A financial adviser left needing a wheelchair after a Westie terrier ran at his horse on a Welsh beach is suing the dog’s owner for up to £5million.
Lourens Koetsier, 63, suffered a severe spinal injury when he was thrown from his horse on a popular Pembrokeshire beach.
The tourist says the unleashed West Highland Terrier, named Max, ran under the horse and spooked it.
This made it buckle and throw him to the ground during the guide-led canter in June 2018.
Mr Koetsier who was on holiday with his wife Monique, is now suing at the High Court in London, claiming Max’s owner should have had him on a lead.
But David Clifford Thomas, who has had the dog since he was a puppy, says there is no reason to blame his ‘small, elderly and gentle’ Westie.
He denies liability and insists there was no reason why he should have had to leash Max on a beach where local bylaws allow owners to let their dogs run freely.
According to documents filed in court, Dutch financial adviser Mr Koetsier is an experienced horseman, having owned a pony as a child.
He competed as an adult, riding warmblood sport horses from his teens until his forties.
On the day of the accident, he paid for a guide-led canter along the mile-long Druidston Haven beach through ride providers Nolton Stables, in nearby Haverfordwest.
Riders spotted the dog running off its leash on the sand as they took their initial canter, his lawyers say.
Then as they set off for their second ride, Max began running towards the group from behind while barking.
The claimant’s horse, named Bonfire, was stationary when the Westie went underneath him from behind, his barrister Matthew Chapman said.
He said Bonfire reacted ‘explosively’, dropping his head and jumping into the air, flinging his hind legs ‘in a violent and propulsive buck’.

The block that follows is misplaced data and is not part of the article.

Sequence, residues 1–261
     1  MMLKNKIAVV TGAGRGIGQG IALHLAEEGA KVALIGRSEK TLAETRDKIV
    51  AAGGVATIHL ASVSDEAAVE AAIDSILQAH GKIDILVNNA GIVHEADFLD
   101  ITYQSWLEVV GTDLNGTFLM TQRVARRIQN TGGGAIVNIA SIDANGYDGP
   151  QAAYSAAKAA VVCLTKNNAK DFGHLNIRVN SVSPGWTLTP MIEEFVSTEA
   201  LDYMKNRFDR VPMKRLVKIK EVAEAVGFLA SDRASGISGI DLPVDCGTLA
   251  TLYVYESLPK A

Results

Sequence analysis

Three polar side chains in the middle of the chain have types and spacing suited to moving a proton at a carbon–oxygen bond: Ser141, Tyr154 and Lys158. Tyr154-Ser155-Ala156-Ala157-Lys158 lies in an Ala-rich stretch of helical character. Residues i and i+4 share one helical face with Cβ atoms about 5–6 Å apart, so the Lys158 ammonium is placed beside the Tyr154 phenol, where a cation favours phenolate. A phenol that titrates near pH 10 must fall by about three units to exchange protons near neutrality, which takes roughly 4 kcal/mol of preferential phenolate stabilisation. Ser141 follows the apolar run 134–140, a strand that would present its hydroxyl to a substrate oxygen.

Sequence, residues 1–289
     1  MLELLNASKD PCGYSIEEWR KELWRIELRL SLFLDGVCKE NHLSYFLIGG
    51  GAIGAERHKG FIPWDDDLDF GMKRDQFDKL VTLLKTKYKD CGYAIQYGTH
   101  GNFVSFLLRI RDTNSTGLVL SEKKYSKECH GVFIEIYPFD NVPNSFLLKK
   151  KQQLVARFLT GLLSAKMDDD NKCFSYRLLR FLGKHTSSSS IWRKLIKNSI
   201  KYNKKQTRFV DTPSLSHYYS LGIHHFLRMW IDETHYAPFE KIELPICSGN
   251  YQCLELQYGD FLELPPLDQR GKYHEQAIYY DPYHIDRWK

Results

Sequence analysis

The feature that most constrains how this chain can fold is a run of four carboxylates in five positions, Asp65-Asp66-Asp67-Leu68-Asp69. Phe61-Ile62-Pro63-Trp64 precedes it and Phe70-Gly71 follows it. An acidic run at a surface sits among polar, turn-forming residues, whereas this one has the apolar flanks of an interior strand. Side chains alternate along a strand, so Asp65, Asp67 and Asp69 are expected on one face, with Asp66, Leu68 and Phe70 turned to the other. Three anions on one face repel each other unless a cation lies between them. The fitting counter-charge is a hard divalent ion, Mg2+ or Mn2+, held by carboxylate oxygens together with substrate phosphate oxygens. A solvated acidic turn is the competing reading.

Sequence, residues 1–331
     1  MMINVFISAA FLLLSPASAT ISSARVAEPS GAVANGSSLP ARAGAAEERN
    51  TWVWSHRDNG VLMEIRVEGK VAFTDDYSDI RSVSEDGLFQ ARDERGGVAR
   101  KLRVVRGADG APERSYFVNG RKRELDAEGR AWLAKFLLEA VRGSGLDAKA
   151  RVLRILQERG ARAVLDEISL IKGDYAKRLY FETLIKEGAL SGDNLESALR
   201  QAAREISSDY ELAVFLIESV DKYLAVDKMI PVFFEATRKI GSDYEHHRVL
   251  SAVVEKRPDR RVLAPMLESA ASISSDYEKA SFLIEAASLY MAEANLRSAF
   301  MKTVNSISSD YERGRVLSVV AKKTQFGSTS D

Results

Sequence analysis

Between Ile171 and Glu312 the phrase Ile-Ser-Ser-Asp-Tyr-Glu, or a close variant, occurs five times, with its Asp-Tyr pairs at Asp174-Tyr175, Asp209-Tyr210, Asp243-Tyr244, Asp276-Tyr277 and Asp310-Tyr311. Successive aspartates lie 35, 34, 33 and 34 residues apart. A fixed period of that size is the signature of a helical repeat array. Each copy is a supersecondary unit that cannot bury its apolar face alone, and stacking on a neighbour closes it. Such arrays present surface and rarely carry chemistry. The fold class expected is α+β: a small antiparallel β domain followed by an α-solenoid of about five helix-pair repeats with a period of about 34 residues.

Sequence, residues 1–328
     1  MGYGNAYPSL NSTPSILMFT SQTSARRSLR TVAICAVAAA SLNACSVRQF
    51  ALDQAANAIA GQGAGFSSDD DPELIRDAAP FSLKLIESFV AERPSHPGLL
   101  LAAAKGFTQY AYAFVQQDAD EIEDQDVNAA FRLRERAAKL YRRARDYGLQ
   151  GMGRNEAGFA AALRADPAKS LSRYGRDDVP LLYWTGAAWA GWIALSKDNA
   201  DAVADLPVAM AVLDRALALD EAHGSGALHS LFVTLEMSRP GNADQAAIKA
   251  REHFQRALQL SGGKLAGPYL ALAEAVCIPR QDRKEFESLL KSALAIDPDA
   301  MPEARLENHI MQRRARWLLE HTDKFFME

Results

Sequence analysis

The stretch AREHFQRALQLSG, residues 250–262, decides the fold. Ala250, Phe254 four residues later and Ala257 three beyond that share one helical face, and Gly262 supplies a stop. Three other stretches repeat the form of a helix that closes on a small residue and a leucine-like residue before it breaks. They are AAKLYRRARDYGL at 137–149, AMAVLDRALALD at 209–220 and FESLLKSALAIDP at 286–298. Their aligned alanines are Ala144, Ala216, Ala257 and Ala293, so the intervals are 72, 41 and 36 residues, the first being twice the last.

‘The claimant landed on or about the top of his head and suffered catastrophic personal injury,’ Mr Chapman added.
Mr Koetsier was rushed to hospital by air ambulance, having sustained a central spinal cord injury.
He now experiences spasms and has impaired hand function, while his ability to care for himself, get around and work have been ‘substantially impaired,’ says his barrister.
He uses a wheelchair outside, although he can walk short distances with a walking frame, and his home has had to be specially adapted for his needs.
Mr Chapman claims there would be no accident if Max’s owner had the dog under control.
He also blames LJP Owen Ltd, trading as Nolton Stables, for allowing the group to canter a second time after the Westie was first been seen running off his lead.
Mr Thomas’ barrister, Andrew Arentsen, said Druidston beach is ‘precisely the type of location where dog owners can reasonably allow their dogs to run without restraint’.
He said Max has ‘always been a friendly, gentle and social dog’ who was ‘elderly’ at 14 years old.
The dog has been exposed to most farm animals, including horses, and has never behaved aggressively around them, the lawyer added.
He says Max had shown initially only a ‘mild interest’ in the horses, suggesting he may have ran towards them ‘out of a sense of fun’ as they were travelling at speed.
Mr Arentsen said Max immediately returned to his owner after the fall and was ‘not disobedient or out of control’.
Representing Nolton Stables’ operator, Charles Woodhouse denies the company was at fault, since the horse was perfectly comfortable around dogs.
The firm, which serves 6,000 customers a year, keeps dogs loose at the stables so horses can acclimatise to them. Any which are not comfortable around dogs would be sold, the barrister added.
He said the company does not know precisely what the horse did when the dog ran to him. But one staff member thought he may have attempted to jump over the Westie.
Mr Arentsen said this sort of behaviour is an ‘ordinary risk of riding horses of which the claimant was well aware’.
The case reached court last week for a preparatory hearing ahead of a full trial at a later date.
Get in touch with our news team by emailing us at email@example.com.
For more stories like this, check our news page.